Weil came to discuss Christianity and Catholicism with an excellent control of the literature, vocabulary and doctrine. But she had strong reservations and criticisms about the same collectivist tendencies of the Church she critiques in society in general, and Weil never converted to Catholicism despite her great affinity for Christ, sanctity, and the moral virtues of traditional Catholic thinking. Indeed, her writings show that Weil embraced the deepest sentiments of Christianity and may have enjoyed mystical experiences, but she averred to her friend and mentor, the priest J. A. Perrin, that she would never convert or take baptism.
Christianity being Catholic by right but not in fact, I regard it as legitimate on my part to be a member of the Church by right and not in fact, not only for a time, but for my whole life if need be. But it is not merely legitimate. So long as God does not give me the certainty that he is ordering me to do anything else, I think it is my duty. ...
I have never once had, even for a moment, the feeling that God wants me to be in the Church. I have never even once had a feeling of uncertainty.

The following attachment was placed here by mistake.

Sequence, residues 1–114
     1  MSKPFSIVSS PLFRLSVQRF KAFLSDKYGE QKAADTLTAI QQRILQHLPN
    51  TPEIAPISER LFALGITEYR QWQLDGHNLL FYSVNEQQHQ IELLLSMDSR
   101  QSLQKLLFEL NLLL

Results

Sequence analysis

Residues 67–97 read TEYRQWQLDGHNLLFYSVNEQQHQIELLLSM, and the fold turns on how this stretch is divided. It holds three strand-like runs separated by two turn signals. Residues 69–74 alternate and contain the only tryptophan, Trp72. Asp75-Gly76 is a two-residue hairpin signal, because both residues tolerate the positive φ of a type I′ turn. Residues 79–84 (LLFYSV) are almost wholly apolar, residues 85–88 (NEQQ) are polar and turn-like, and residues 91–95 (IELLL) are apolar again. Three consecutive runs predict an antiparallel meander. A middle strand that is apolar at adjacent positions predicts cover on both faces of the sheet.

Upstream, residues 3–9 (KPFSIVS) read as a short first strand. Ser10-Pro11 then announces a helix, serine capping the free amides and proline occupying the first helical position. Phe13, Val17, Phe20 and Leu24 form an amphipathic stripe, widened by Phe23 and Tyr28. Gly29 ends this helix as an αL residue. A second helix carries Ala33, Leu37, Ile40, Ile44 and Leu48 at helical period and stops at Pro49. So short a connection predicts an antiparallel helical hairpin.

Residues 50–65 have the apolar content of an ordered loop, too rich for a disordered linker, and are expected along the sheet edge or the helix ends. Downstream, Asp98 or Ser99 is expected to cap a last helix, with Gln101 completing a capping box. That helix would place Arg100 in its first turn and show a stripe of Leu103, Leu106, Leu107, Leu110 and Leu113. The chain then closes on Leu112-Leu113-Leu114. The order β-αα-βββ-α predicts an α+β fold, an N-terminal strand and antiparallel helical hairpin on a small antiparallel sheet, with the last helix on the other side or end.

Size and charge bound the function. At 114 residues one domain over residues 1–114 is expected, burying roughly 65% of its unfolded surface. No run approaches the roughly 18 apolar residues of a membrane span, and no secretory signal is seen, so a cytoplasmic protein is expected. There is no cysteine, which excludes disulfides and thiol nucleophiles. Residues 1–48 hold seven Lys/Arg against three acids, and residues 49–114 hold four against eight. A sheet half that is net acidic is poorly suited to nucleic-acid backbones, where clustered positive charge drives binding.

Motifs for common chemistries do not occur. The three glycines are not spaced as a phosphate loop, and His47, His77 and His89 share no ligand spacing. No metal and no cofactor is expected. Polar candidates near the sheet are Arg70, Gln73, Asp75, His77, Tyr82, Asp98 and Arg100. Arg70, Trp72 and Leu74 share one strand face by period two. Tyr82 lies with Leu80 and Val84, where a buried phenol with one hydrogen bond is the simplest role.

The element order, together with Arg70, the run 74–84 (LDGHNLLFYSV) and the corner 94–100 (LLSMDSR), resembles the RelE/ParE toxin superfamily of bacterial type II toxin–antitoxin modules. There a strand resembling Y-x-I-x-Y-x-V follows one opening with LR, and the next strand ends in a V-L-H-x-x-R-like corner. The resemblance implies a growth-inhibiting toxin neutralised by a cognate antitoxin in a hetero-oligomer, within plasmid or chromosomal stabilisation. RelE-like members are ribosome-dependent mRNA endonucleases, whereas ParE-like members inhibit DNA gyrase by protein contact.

The springs of Weil's solitude, then, are not a specific example of a saintly hermit or desert elder. She was deeply moved by the melancholy hymns of Portuguese women watching their departing husbands on their fishing boats one star-lit night by the ocean. She had visited Assisi and, as she notes, been compelled for the first time to fall to her knees. And she had listened for rapt hours to the chant of the Benedictine monks at Solesmes. But her sense of solitude was not romantic or aesthetic.
Solitude was a core conclusion to the philosopher in her, formed by experience in the world, of war, atrocity, betray, and dishonor. Yet solitude was the core reality, too, of the spiritual, the transcendent, and the love of God. What a unique presence Weil brings to solitude in her complex and vibrant mind and heart!